In Japan, it was recently learned that this month would reportedly see new legislation, to be included in the IR Implementation Bill, presented to the National Diet that would assess a hefty fine to casino operators who obtain their business licenses via fraudulent means. It has now reportedly been revealed that the bill establishing regulatory framework for the casino market will additionally include a provision forbidding certain public officials from partaking in casino gambling.
Asia Gaming Brief reports that the measure is intended to eliminate the possibility of conflicts of interest arising between those operators involved in the gambling industry and those charged with oversight of the casinos.
According to the news agency, with the obvious exclusion of the prime minister and his cabinet, the particular criteria for determining which public officials would not be permitted to gamble in casinos will be decided at a later date.
Also to be included in the ban are local officials who have casinos operating within their respective jurisdictions. They would, however, be able to partake at casinos located in other parts of Japan.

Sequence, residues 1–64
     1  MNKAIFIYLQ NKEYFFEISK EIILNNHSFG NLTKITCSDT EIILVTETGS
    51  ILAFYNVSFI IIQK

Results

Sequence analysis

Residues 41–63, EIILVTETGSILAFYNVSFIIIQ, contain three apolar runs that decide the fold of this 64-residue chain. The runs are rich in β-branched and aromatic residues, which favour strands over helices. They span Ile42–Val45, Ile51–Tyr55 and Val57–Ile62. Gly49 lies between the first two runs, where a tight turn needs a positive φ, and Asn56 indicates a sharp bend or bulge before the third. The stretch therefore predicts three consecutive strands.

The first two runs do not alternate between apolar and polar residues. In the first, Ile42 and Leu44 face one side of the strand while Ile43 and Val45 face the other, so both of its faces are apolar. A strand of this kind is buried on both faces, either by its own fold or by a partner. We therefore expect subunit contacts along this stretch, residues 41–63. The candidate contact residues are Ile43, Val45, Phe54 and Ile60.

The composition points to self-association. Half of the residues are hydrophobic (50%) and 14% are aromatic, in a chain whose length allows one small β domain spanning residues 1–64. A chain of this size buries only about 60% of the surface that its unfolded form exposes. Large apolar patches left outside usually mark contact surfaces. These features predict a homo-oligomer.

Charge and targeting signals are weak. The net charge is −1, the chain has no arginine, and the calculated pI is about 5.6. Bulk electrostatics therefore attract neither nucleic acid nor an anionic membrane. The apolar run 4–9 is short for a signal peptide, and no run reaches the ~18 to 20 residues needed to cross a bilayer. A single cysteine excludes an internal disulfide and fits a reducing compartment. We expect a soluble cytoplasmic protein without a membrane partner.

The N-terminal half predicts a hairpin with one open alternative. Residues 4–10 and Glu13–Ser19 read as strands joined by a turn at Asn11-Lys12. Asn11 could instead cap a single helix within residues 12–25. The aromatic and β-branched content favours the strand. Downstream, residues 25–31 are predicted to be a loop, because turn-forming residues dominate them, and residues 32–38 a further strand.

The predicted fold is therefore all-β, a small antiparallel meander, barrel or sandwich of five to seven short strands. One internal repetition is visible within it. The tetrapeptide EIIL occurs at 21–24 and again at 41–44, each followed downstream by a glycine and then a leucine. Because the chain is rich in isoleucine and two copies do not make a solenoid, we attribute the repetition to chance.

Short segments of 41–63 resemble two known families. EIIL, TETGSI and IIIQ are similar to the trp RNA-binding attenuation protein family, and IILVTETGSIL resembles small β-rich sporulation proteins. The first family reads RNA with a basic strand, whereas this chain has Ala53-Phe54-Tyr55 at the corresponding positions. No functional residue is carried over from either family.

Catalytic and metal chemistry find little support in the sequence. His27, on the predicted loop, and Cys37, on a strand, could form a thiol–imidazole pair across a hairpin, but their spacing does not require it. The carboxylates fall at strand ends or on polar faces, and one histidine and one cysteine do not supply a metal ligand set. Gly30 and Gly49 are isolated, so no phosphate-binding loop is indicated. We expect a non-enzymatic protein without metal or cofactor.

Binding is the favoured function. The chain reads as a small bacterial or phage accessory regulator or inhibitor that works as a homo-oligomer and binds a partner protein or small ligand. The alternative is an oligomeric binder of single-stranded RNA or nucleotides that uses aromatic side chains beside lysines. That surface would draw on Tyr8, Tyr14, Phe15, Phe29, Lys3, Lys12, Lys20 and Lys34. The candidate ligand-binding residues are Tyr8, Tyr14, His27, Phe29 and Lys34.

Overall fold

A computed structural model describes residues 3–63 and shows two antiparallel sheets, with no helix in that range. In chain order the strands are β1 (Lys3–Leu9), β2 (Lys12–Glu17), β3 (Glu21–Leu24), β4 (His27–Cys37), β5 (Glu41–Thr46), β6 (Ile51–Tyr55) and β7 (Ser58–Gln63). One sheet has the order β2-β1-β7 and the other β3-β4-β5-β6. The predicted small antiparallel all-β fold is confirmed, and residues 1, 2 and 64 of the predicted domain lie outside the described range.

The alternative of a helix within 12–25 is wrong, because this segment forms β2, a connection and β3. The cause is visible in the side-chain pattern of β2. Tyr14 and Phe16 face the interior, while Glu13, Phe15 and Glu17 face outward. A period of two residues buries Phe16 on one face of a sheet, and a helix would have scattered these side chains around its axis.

In addition to the stiff fines and or jail time applicable to casino operators, as well as company officials, the anti-addiction measure would also reportedly allow Japanese residents no more than 10 visits to the casinos in any 28 day period and only 3 visits during any 7 day period, with casino workers being subject to a fine of ¥3 million (US$28,000) or up to three years in prison if they are found to have allowed patrons to exceed those limits, according to earlier reports.
According to a recent Reuters report, Japan’s ruling coalition will submit the IR Implementation Bill to parliament on April 27.